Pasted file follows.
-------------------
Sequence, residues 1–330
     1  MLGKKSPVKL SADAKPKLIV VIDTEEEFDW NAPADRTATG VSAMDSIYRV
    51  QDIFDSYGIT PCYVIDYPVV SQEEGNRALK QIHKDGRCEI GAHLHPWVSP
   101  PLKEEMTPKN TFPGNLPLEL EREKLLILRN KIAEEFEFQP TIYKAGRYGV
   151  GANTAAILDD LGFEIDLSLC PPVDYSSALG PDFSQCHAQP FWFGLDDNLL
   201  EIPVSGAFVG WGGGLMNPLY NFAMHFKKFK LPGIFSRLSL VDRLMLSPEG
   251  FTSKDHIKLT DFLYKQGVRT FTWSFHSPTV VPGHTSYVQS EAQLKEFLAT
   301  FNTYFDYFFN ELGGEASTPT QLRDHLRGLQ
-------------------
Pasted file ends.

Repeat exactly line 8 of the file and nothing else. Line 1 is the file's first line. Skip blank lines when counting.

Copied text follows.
   301  FNTYFDYFFN ELGGEASTPT QLRDHLRGLQ